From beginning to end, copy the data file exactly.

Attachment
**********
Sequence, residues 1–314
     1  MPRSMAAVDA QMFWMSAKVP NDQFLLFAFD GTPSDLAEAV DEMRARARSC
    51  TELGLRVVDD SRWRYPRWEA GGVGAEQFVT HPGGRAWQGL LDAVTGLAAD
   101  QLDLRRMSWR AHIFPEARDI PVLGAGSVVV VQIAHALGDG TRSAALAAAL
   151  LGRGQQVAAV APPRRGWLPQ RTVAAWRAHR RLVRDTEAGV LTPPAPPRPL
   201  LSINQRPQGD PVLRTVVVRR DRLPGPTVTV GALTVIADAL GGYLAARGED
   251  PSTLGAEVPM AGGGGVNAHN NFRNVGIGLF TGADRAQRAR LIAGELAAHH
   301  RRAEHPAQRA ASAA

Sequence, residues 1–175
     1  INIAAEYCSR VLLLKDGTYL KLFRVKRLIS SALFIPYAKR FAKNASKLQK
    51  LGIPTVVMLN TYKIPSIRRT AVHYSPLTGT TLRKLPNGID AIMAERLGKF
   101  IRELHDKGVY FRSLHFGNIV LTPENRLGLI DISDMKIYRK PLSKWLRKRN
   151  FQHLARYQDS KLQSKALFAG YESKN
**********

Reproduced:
Sequence, residues 1–314
     1  MPRSMAAVDA QMFWMSAKVP NDQFLLFAFD GTPSDLAEAV DEMRARARSC
    51  TELGLRVVDD SRWRYPRWEA GGVGAEQFVT HPGGRAWQGL LDAVTGLAAD
   101  QLDLRRMSWR AHIFPEARDI PVLGAGSVVV VQIAHALGDG TRSAALAAAL
   151  LGRGQQVAAV APPRRGWLPQ RTVAAWRAHR RLVRDTEAGV LTPPAPPRPL
   201  LSINQRPQGD PVLRTVVVRR DRLPGPTVTV GALTVIADAL GGYLAARGED
   251  PSTLGAEVPM AGGGGVNAHN NFRNVGIGLF TGADRAQRAR LIAGELAAHH
   301  RRAEHPAQRA ASAA

Sequence, residues 1–175
     1  INIAAEYCSR VLLLKDGTYL KLFRVKRLIS SALFIPYAKR FAKNASKLQK
    51  LGIPTVVMLN TYKIPSIRRT AVHYSPLTGT TLRKLPNGID AIMAERLGKF
   101  IRELHDKGVY FRSLHFGNIV LTPENRLGLI DISDMKIYRK PLSKWLRKRN
   151  FQHLARYQDS KLQSKALFAG YESKN